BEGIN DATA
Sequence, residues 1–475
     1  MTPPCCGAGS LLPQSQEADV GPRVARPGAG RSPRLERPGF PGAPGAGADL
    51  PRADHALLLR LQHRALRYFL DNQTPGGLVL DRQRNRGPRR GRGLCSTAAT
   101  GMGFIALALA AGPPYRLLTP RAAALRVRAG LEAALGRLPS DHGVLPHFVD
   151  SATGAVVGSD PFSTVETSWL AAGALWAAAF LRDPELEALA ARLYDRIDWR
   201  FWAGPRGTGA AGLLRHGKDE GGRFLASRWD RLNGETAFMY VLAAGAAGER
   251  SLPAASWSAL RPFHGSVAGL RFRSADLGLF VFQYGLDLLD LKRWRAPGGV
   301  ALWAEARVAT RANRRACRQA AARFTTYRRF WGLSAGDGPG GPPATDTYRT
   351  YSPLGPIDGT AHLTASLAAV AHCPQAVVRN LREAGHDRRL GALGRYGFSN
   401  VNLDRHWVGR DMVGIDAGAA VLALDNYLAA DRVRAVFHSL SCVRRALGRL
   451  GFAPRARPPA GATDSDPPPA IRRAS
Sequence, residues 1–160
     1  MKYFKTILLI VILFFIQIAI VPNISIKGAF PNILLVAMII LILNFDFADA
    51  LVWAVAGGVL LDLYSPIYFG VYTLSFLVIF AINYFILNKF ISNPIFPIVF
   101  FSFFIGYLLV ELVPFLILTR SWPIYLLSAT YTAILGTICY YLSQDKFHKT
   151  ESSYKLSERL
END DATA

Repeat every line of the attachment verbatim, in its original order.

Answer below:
Sequence, residues 1–475
     1  MTPPCCGAGS LLPQSQEADV GPRVARPGAG RSPRLERPGF PGAPGAGADL
    51  PRADHALLLR LQHRALRYFL DNQTPGGLVL DRQRNRGPRR GRGLCSTAAT
   101  GMGFIALALA AGPPYRLLTP RAAALRVRAG LEAALGRLPS DHGVLPHFVD
   151  SATGAVVGSD PFSTVETSWL AAGALWAAAF LRDPELEALA ARLYDRIDWR
   201  FWAGPRGTGA AGLLRHGKDE GGRFLASRWD RLNGETAFMY VLAAGAAGER
   251  SLPAASWSAL RPFHGSVAGL RFRSADLGLF VFQYGLDLLD LKRWRAPGGV
   301  ALWAEARVAT RANRRACRQA AARFTTYRRF WGLSAGDGPG GPPATDTYRT
   351  YSPLGPIDGT AHLTASLAAV AHCPQAVVRN LREAGHDRRL GALGRYGFSN
   401  VNLDRHWVGR DMVGIDAGAA VLALDNYLAA DRVRAVFHSL SCVRRALGRL
   451  GFAPRARPPA GATDSDPPPA IRRAS
Sequence, residues 1–160
     1  MKYFKTILLI VILFFIQIAI VPNISIKGAF PNILLVAMII LILNFDFADA
    51  LVWAVAGGVL LDLYSPIYFG VYTLSFLVIF AINYFILNKF ISNPIFPIVF
   101  FSFFIGYLLV ELVPFLILTR SWPIYLLSAT YTAILGTICY YLSQDKFHKT
   151  ESSYKLSERL